Peers 'could be limited' to serving 15 years in House of Lords
A committee tasked with proposing reforms will next month suggest the time limit as a way of reducing the cost of the House
House of Lords - Image credit: PA Images
New peers could be limited to serving just 15 years in the House of Lords in a bid to slim down the upper chamber, according to a new report.
A committee tasked with proposing reforms will next month suggest the time limit as a way of reducing the cost of the House.
- Peers claimed £1.3m expenses but never spoke in House of Lords debates, Electoral Reform Society reports
- ‘Unacceptable risk’ to the UK if European Arrest Warrant not replaced, House of Lords warns
The Lords has almost 800 members, making it the second largest legislative chamber in the world after the National People’s Congress of China.
Pressure has been mounting on the Government to cut it down and in December peers voted unanimously in favour of exploring options for reform.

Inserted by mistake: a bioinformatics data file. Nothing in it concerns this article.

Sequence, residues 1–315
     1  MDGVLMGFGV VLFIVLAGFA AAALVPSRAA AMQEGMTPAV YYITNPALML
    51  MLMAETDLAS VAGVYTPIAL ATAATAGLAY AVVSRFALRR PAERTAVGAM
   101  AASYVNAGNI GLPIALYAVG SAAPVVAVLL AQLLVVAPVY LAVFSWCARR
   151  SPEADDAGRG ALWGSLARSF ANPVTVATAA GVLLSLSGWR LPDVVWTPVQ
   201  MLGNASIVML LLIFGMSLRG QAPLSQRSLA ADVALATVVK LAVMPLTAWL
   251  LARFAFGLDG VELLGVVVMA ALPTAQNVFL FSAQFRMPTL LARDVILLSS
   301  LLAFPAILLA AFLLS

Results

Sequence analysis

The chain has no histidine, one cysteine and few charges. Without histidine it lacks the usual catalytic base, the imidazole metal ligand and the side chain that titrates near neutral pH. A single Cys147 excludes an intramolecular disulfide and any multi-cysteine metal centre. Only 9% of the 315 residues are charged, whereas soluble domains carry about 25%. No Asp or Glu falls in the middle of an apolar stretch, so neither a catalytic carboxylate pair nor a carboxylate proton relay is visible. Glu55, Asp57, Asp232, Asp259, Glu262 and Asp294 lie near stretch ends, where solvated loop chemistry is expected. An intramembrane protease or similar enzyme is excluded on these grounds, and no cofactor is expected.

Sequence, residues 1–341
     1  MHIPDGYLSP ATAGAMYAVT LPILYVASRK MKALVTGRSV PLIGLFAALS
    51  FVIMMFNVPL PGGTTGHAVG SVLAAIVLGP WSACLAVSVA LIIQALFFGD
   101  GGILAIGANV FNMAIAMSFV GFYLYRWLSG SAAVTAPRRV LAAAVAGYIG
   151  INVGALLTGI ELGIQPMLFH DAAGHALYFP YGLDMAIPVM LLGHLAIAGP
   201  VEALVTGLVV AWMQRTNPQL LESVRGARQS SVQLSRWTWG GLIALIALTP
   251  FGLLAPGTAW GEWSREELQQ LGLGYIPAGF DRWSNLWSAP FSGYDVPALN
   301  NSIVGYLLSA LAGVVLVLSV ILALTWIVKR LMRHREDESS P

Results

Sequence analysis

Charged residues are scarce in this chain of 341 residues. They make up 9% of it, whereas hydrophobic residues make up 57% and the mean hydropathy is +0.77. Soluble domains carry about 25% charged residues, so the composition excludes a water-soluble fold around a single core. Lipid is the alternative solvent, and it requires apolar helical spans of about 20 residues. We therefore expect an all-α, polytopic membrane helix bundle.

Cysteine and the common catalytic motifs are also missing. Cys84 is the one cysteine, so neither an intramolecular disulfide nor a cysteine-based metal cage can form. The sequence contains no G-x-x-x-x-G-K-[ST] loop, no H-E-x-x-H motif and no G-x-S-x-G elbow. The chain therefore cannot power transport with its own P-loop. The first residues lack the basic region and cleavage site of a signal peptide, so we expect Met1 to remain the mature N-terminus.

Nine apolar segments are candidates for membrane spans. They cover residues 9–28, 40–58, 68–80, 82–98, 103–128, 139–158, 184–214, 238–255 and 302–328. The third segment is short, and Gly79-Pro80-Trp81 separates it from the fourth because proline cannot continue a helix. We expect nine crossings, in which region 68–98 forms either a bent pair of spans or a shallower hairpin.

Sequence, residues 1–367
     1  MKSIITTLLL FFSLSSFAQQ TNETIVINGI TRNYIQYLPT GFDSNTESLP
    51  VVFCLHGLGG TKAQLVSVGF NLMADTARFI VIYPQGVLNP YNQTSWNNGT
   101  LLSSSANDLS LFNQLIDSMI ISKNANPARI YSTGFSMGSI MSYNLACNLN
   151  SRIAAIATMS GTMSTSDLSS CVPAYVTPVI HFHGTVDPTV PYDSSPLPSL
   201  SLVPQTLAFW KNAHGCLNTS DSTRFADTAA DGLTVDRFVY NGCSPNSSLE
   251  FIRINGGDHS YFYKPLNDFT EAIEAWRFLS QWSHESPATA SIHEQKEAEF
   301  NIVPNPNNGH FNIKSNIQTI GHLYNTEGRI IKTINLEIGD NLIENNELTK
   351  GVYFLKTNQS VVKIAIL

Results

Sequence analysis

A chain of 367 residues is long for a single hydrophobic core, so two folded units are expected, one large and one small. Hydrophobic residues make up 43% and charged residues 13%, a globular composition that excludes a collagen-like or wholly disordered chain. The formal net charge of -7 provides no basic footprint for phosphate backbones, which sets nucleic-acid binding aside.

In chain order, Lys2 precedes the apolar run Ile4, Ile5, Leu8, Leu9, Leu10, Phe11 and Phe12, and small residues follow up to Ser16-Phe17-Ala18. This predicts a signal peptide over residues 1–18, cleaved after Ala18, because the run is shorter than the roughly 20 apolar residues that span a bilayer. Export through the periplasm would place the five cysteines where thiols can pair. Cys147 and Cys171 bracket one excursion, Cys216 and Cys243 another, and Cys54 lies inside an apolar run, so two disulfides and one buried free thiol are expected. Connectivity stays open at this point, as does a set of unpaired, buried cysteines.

Currently there is no retirement age or limit for peers to hold their position, but according to the Times the time-limit proposal will be revealed in the coming weeks.
The Committee will also call on the parties to cut their numbers in stages. There are currently 252 Tory peers, 199 Labour peers and 100 Lib Dems.
Last night, theatre supremo Andrew Lloyd Webber announced he would quit as a Tory peer citing difficulties in managing his work schedule.
The 69-year-old Cats composer said he had taken the decision with a “heavy heart”, but added: “What is expected from a member today is very different from what it was."
He has been a life peer since 1997 but has only voted 42 times.
Professor Robert Ellam discusses climate change and calls for universities to divest from fossil fuels
Report from Holyrood’s event on navigating the new regulatory framework for tenants and landlords
The DWP plans ‘modernisation’ of its work to collect more than £1bn owed to the UK Government each year
Labour MSP for South Scotland Colin Smyth sits down for a moment of levity with Holyrood